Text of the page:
Occasionally our customers ask if it’s possible to implement some form of one-time password (OTP) authentication for their SFTP users. Considering the complexity of the SSH authentication scheme, such task is definitely not trivial. To ease the process, Syncplify.me Server! V5 adds two new event-handlers and several functions to the scripting framework. This article explains how to use them to accomplish OTP authentication over SFTP. Continue reading
We have just released version 4.1.0 of our Syncplify.me Server! software. This version features the following improvements:
- Added: support for MongoDB authentication and specific utility to configure it (read how to use it here)
- Fixed: small memory leak in one of the password encryption functions
Warning: upgrading to 4.1.0 from any version prior to 4.0.34 will invalidate your license, so please if you are a customer – before you upgrade – contact us to request a license reset.
Note: if after the update you notice any unexpected behavior in the web interface, just hit Ctrl-F5 in your browser; that will force the browser to reload the page as well as all back-end scripts and update the ones that may have been cached from previous versions of the software.
As usual you can download this new release from our website.
The most significant improvement introduced by Syncplify.me Server! v4.1 is the ability to use MongoDB’s authentication. As explained in a previous KB article, our deployment of MongoDB was secure even without authentication, but keeping in mind all possible scenarios our development team has worked hard to add direct support to MongoDB’s native authentication into our software. This article explains how to use the new MongoDB Authentication Utility (installed along with Syncplify.me Server! v4.1+) to enable/disable this feature as needed.
The procedures outlined in this article are suitable for all single-node Syncplify.me Server! deployments. High-Availability (HA) deployments will require a little more work. Continue reading
In light of the recent news regarding ransomware targeting MongoDB, we would like to inform all of our users and customers that we are actively working to add support for MongoDB’s authentication directly inside our software.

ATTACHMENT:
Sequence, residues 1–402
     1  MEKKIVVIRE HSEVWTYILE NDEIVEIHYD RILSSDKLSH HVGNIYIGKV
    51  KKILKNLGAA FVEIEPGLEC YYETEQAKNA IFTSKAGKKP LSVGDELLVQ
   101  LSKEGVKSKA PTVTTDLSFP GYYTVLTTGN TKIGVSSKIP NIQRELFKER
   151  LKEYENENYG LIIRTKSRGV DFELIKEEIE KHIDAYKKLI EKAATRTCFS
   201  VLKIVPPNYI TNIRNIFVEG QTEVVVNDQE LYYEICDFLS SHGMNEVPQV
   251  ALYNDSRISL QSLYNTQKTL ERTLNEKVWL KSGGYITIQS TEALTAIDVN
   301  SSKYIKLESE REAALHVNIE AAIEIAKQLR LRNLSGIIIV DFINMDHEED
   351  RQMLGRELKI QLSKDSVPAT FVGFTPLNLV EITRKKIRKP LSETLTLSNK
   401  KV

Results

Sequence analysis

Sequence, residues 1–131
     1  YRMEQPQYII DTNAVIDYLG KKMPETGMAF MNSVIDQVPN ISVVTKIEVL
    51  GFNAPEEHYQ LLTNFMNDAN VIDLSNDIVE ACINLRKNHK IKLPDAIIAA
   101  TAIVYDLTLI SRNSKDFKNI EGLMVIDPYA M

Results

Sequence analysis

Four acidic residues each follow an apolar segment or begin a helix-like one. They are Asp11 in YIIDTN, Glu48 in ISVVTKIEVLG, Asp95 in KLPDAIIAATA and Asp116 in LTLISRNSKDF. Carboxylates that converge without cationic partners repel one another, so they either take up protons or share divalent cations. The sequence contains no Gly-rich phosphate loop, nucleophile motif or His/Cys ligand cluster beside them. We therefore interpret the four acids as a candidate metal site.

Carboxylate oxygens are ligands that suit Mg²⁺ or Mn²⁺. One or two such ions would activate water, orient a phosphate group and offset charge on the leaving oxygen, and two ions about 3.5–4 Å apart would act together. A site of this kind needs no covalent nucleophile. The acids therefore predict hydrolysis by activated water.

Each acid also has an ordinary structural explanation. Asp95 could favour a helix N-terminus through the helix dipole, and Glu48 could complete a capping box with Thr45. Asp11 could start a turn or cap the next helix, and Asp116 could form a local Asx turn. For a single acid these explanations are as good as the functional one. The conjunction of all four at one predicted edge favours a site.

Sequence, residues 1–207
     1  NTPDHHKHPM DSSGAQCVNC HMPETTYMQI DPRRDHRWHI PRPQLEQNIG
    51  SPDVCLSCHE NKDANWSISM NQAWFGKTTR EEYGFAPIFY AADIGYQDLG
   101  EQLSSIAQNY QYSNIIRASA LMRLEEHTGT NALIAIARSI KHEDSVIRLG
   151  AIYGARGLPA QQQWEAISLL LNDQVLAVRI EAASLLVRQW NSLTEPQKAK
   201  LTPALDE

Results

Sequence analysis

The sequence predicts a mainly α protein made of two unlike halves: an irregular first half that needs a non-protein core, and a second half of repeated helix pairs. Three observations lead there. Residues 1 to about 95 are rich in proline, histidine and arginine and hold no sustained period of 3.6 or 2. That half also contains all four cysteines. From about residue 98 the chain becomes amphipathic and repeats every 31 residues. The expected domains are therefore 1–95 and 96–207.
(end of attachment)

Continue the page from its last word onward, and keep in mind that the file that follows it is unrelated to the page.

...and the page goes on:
In the meantime, though, it is very important to understand that:
- set aside the hype, a good network security model already addresses 99% of all the issues of this type (DB-connectivity related)
- Syncplify’s specific MongoDB instance uses port 28038 (instead of the standard 27017) and is therefore not targeted by the above mentioned ransomware
- Syncplify’s specific MondoDB instance only accepts requests from localhost (127.0.0.1) unless you have explicitly created a Windows Firewall rule
Because of the above reasons we believe that all Syncplify.me Server! instances deployed in non-HA mode are safe unless the network and Windows Firewall configuration has been altered by the users/customers themselves.
For HA (high-availability) instances, we do strongly recommend our users/customers to make sure their network firewall and Windows Firewall rules only allow connections to the DB server(s) from the machines running the SFTP front-end nodes. No other machine should be allowed to connect to your DB server(s).
This said, we want to reassure everyone – once again – that we are also actively working (with high priority) to add MongoDB authentication directly into our software.
Note: in order to use the code posted in this article you need to be running at least version 4.0.16 or greater of Syncplify.me Server!
As you all know, Syncplify.me Server! already supports its own internal users, as well as Windows and Active Directory users (and groups, depending on the license type). Yet, some of our customers need to implement totally custom authentication methods, often based on their own user databases.